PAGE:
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Letters to the Editor • Opinion
We already know how to prevent pandemics

World of Warcraft was a game truly ahead of its time. So much so, that its players already witnessed the effects of a pandemic more than a decade ago. Now, that pandemic may prove useful to scientists studying covid-19.

On September 13, 2005, Blizzard’s incredibly popular massive multiplayer online role playing game World of Warcraft (WoW) experienced an unintended event that mimicked the spread of a viral infection throughout its playerbase. A damaging effect, called Corrupted Blood, ravaged thousands of players, and left lower-leveled characters in an unavoidable death-loop. The effect, known as a debuff, was a temporary condition, but one that could spread to other players if they stood close enough to each other, just like a real virus.

A week after the outbreak, it forced Blizzard to restart every WoW server to stop it from spreading out of control.

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The infection originated from Hakkar the Soulflayer — the boss of the very first 20-player raid Blizzard released. Hakkar would cast Corrupted Blood on players and it would damage them for about 10 seconds. Players would spread the effect to others if they got too close to those infected. After the 10 seconds were done, or players finished the boss battle, the damaging effect was supposed to end. Only it didn’t.

A programming oversight allowed the debuff to spread beyond the site of the Hakkar boss fight and into the world at large. Much like rats fueled the Bubonic Plague, characters’ trained animals spurred the Corrupted Blood outbreak. Hunter characters can summon and dismiss pets to fight at their side at will. Once dismissed, all the effects on the pets are paused until it’s called back out again. In effect, the pets would contract Corrupted Blood during the boss fight, disappear and then exhibit the symptoms again elsewhere in the world map when they were again summoned. There it would spread to other players and pets that came in contact with them.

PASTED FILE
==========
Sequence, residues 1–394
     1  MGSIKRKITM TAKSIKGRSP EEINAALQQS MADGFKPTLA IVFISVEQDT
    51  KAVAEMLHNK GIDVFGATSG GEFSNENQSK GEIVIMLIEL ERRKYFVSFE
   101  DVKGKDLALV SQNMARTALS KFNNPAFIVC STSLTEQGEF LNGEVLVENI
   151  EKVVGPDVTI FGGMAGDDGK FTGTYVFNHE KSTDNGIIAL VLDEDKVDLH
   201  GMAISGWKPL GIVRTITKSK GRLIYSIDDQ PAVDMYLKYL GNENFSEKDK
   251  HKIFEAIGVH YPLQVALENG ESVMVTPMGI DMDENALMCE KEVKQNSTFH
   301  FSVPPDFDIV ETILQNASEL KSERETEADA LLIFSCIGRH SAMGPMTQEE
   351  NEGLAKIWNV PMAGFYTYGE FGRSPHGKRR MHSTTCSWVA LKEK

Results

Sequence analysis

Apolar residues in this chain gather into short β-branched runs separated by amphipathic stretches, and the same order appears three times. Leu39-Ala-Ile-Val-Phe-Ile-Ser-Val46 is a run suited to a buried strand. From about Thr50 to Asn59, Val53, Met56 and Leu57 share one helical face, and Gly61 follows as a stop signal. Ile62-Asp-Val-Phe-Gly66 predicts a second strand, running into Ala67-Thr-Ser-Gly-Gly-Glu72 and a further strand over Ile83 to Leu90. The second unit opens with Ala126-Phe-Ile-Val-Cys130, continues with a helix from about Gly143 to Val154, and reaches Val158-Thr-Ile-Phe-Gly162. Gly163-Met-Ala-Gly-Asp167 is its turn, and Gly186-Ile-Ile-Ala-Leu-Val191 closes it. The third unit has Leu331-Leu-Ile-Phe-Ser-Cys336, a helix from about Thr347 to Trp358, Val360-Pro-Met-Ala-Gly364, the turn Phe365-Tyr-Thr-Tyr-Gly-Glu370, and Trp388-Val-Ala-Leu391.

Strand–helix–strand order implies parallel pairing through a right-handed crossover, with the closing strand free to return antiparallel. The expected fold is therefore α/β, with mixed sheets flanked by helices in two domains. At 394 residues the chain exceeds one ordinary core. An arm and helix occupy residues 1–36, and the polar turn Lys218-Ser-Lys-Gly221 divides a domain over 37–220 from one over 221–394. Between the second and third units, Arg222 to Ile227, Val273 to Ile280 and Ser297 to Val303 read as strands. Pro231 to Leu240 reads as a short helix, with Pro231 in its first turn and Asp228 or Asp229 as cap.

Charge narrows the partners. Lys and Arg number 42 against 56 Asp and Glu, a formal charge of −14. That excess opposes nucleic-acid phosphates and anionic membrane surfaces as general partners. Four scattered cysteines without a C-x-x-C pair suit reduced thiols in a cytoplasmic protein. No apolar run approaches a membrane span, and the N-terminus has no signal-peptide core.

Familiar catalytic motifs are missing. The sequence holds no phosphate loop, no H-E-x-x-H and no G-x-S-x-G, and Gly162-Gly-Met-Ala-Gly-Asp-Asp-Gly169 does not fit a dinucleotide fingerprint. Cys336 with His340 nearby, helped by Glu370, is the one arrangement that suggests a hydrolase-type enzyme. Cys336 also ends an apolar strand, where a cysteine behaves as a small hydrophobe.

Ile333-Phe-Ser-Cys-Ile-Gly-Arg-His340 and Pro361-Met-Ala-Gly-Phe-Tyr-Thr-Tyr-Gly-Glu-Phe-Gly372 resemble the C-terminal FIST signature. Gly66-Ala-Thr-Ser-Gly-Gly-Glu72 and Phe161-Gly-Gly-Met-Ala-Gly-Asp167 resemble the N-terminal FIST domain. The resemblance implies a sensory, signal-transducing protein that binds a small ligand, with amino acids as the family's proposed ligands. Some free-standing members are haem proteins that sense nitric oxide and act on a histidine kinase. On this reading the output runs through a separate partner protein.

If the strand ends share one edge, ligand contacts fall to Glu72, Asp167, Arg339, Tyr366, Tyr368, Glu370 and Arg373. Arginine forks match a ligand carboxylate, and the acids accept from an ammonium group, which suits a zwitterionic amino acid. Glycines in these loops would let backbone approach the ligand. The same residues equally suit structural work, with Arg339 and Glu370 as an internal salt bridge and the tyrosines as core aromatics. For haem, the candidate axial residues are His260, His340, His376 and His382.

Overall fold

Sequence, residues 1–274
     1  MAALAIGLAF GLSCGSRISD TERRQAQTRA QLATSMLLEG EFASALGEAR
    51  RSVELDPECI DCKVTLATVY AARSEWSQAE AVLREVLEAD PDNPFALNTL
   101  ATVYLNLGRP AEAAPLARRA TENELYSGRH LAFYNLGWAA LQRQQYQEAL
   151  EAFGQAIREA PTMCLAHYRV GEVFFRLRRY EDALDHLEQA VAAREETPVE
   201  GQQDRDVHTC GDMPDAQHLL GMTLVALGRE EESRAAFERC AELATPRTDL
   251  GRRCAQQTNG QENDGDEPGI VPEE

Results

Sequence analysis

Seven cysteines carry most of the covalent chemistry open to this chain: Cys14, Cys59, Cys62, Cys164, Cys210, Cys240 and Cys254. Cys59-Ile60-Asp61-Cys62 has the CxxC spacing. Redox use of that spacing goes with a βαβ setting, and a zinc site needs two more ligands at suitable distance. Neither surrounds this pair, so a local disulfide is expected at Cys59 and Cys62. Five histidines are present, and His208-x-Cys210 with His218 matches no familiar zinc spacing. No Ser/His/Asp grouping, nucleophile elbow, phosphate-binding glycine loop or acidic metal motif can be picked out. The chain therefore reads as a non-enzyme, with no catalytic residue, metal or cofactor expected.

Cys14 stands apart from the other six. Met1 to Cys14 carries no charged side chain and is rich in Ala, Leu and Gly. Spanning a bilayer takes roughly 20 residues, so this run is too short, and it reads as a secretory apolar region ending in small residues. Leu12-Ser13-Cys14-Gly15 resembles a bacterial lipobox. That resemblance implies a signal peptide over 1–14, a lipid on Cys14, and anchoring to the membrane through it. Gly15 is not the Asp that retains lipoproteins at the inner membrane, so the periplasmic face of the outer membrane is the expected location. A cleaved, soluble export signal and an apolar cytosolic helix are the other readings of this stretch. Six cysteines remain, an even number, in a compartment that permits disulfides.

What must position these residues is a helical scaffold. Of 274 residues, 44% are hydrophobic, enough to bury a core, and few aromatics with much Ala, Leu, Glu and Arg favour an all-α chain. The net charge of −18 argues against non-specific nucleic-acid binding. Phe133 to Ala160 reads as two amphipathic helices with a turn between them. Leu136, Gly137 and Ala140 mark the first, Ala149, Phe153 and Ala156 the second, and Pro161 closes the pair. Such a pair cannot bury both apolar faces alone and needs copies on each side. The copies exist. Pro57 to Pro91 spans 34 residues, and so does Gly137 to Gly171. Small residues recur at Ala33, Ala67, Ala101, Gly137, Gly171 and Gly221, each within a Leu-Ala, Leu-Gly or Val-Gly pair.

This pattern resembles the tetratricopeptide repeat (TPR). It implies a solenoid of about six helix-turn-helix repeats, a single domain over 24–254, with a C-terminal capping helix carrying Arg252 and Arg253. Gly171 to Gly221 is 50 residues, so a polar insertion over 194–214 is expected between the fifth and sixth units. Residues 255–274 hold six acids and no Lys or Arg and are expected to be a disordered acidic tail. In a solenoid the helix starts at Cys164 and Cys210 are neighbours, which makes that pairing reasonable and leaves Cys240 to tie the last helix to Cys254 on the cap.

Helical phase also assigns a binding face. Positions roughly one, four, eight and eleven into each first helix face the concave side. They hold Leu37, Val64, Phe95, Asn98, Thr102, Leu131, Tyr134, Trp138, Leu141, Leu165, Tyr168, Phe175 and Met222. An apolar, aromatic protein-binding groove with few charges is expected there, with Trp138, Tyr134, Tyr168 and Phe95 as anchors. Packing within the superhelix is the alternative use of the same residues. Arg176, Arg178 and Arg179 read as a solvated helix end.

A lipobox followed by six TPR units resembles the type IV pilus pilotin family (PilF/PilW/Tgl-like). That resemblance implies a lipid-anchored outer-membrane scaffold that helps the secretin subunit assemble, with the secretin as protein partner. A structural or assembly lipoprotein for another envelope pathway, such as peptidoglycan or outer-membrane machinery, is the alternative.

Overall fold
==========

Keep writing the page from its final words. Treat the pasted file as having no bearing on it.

Cities like the dwarven city Ironforge and orc city Orgrimmar were overrun within hours. Non-playable characters, who couldn’t die due to special coding, would also catch the effect, meaning any player who passed by them could receive Corrupted Blood.

Once word got out, players searched frantically for news about what was going on.

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“The world chat would explode any time a city fell,” says Nadia Heller, an ex-World of Warcraft player whose character lived through the incident. “We kept a close eye not only on our guild chat but on world chat as well to see where not to go. We didn’t want to catch it.”

The spread of Corrupted Blood, and the player’s behavioral changes to it, caught the attention of epidemiologist Dr. Nina Fefferman, who was a World of Warcraft player at the time of the incident. Fefferman reached out to her colleague Dr. Eric Lofgren. In 2007, the two published a paper that detailed their findings, including complex models of human behavior during a pandemic. Fefferman says the incident has helped inform her current research into predictive modeling around covid-19.

“What I do is study all the aspects of infectious disease outbreaks that help us prepare for pandemics,” said Fefferman, a mathematical biologist. “We really saw the full gamut of behaviors we see in the real world reflected in the player characters during Corrupted Blood.”

Dr. Dmitri Williams, an associate professor from USC who was also playing World of Warcraft during the Corrupted Blood incident, questions whether Fefferman’s findings are valid mirrors to real-life behavior.

“There are games where you are encouraged to behave in a way that you would never behave offline,” Williams said. “You really have to know [the game], play it and understand the culture so you can make these kind of determinations that, yeah, this is a pretty good proxy.”

Despite this, Fefferman believes that virtual worlds like World of Warcraft are perfect testing environments for mass behavioral reactions to outbreaks.

“It’s not just that people were role-playing. People were being themselves,” Fefferman said.

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